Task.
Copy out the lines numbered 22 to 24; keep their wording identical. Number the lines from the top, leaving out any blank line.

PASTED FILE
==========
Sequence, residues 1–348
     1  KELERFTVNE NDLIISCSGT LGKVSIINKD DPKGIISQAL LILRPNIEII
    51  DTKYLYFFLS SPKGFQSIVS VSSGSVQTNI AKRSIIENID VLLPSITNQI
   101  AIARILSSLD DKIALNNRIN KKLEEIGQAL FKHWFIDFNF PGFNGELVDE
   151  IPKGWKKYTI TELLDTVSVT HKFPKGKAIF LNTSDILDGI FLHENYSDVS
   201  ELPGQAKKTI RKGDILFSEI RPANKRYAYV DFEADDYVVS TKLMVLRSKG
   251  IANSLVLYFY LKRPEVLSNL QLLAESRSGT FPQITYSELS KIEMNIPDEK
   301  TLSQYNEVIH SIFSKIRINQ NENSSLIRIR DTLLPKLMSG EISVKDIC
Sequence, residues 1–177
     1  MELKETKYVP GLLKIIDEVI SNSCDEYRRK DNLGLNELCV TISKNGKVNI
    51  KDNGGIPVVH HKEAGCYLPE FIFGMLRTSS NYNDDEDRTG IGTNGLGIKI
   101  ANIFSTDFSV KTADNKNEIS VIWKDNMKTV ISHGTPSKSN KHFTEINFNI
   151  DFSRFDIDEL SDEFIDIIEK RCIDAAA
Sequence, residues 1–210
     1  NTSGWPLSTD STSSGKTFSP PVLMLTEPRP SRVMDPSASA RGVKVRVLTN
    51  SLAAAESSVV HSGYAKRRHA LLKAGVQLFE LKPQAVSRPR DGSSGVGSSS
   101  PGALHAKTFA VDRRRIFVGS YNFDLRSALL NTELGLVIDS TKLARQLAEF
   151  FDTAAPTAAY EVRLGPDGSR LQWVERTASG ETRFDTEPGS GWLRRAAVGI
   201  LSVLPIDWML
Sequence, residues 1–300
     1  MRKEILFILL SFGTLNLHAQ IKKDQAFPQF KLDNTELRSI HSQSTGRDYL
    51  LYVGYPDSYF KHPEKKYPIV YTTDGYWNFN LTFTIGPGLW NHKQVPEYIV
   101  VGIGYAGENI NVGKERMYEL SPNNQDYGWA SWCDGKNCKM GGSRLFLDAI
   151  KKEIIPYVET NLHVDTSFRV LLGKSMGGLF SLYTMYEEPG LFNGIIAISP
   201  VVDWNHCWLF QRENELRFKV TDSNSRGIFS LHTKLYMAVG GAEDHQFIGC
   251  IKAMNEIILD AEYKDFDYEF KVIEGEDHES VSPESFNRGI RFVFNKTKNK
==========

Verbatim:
    51  LYVGYPDSYF KHPEKKYPIV YTTDGYWNFN LTFTIGPGLW NHKQVPEYIV
   101  VGIGYAGENI NVGKERMYEL SPNNQDYGWA SWCDGKNCKM GGSRLFLDAI
   151  KKEIIPYVET NLHVDTSFRV LLGKSMGGLF SLYTMYEEPG LFNGIIAISP